Monday 15 May, 2006

Subcutaneous fluids

Posted in Medicine, Michael Tam, Procedures, Wards at 11:52 by Michael Tam

Original article by: Michael Tam :: Printer friendly

Butterfly needle

Subcutaneous fluids (i.e., parental fluid hydration through a subcutaneous line) is a fantastic option in some patients, especially those with mild dehydration, with difficult venous access or the elderly with agitation, be it from delirium or dementia.

Remember that a subcutaneous line can also be used for many medications (e.g., morphine, midazolam).

Unlike intravenous cannulation, there isn’t usually a problem with “access” with a subcutaneous line and most nursing staff are qualified in their insertion.

Fluids through a subcutaneous line in the intrascapular area is most useful in the delirious/combative elderly patient with poor oral intake. Running 500-1000 mL of 0.9% NaCl solution overnight will help prevent dehydration.

There are specific subcutaneous needles that can be used, but in their absence, you can substitute with the more readily available 19- or 21-gauge butterfly needle.

The needle should be inserted into an area where it is stable and unlikely to be dislodged. The upper chest, interscapular area, abdomen and lateral aspect of thighs are all suitable locations. The needle should be sited such that it lies within the subcutaneous space but superficial to the underlying fascia. A sterile adhesive dressing (e.g., an Opsite) should be placed over the needle to keep the site sterile and fixed.

The interscapular area is a particularly good location for the agitated patient as they are unlikely to pull out the line.

Equipment:

  • Specific subcutaneous line, or
  • 19 or 21 gauge butterfly needle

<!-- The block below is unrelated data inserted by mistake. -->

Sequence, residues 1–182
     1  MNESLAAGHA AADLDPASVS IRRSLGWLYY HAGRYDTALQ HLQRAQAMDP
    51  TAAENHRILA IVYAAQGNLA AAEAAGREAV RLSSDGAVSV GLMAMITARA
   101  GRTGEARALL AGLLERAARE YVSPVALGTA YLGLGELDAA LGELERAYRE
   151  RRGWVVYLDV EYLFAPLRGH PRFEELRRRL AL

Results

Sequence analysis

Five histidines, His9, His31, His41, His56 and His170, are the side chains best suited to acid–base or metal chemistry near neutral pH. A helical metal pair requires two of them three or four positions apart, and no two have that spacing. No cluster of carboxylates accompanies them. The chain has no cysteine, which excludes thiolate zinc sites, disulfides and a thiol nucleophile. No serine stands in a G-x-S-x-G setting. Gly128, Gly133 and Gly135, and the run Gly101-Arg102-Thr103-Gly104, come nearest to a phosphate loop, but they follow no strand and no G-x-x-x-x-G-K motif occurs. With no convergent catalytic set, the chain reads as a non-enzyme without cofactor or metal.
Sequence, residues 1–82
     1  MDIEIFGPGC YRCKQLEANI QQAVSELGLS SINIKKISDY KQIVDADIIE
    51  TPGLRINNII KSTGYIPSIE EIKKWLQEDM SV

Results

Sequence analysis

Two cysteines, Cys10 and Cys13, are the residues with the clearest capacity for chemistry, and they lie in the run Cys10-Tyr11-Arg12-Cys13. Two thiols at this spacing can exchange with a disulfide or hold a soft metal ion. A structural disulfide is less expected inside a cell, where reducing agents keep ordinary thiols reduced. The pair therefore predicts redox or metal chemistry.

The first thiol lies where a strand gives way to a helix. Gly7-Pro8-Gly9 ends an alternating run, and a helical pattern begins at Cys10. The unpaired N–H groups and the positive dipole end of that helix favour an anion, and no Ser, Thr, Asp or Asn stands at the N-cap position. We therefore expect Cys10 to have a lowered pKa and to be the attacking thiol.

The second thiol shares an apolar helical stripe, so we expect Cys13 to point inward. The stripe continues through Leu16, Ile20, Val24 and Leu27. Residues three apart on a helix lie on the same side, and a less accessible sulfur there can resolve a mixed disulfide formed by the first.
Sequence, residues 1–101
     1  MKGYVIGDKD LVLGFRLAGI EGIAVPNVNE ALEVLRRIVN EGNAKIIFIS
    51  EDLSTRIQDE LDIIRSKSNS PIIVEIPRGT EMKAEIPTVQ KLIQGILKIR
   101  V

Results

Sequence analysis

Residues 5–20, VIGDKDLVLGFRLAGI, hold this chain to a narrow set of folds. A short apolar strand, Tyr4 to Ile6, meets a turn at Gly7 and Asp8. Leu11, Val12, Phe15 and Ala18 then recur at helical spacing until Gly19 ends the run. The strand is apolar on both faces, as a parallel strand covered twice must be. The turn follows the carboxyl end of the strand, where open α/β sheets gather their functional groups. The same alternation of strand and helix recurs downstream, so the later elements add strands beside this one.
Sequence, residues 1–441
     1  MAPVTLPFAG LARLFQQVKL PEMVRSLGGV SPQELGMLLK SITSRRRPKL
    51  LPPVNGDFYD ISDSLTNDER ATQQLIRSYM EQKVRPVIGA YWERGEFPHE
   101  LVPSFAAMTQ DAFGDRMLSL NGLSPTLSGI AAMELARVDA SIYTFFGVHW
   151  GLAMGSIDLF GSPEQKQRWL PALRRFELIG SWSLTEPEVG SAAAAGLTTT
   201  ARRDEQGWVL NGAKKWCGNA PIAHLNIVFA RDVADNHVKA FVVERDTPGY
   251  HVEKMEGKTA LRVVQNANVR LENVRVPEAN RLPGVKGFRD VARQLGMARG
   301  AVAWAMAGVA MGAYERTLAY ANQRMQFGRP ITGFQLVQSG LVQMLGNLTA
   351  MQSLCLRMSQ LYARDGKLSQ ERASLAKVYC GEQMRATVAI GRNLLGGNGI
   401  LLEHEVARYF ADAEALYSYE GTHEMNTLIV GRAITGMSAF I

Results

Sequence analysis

Position:

  • upper chest
  • interscapular area (preferred)
  • abdomen
  • lateral aspect of thighs

Fluid choice:

  • 0.9% NaCl (normal saline)
  • avoid dextrose and additives

Rate:

  • absolute maximum: 80 mL/h
  • aim for 60 mL/h or lower if possible

Contraindications:

  • local skin problems (cellulitis, skin tears, rash)
  • existing tissue oedema
  • significant dehydration

The absolute maximum fluid rate is 80 mL/h, though this is often not tolerated over a 24 hour period. For a continuous infusion, try to keep the rate of fluid at or below 60 mL/h. You will need to use a lower rate if the patient develops tissue oedema. Areas such as the abdomen and interscapular area can generally tolerate more than the upper thigh.

Given the limitations of the rate of fluid and the fact that the fluid does not directly enter the intravascular space, subcutaneous fluids are a inappropriate choice for anything worse than mild dehydration.

The safest fluid for subcutaneously usage is isotonic saline, i.e., 0.9% NaCl (normal saline). You should probably avoid giving any solution with dextrose through a subcutaneous line as it can cause pain and fibrosis. Additives should also be avoided. Be aware that there is no consensus.

Obviously, you cannot give subcutaneous fluids if there is local inflammation or cellulitis.

Subcutaneous fluids is pointless if the patient has a condition that results in generalised tissue oedema (e.g., hypoalbuminaemia) as the fluid will simply stay in the interstium.

Change the subcutaneous line every 48-72 hours.

Please read the disclaimer

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5 Comments »

  1. ravindran said,

    sir,
    it is great plaesure to a very precised material about the lines .thank you

  2. donna givans said,

    i need to administer subq normal saline to a 9 week old puppy. I have been taught to administer the med, but through research I have read that normal saline without additives is best. The saline I purchased is labelled bacteriostatic and contains benzyl alcohol. It is indicated for intravenous infusions. Can I use this for subq infusion as well? Thanks

  3. Michael Tam said,

    I really can’t give you an informed opinion donna. I can only assume that if you have in fact obtained “normal” saline for intravenous infusion in humans, that it would be adequate for subcutaneous infusion (in humans) as well.

    However, I am not a veterinarian and nor am I in the business of manufacturing medical fluids.

  4. dr.kesavan.menon,m.d said,

    exellent article.


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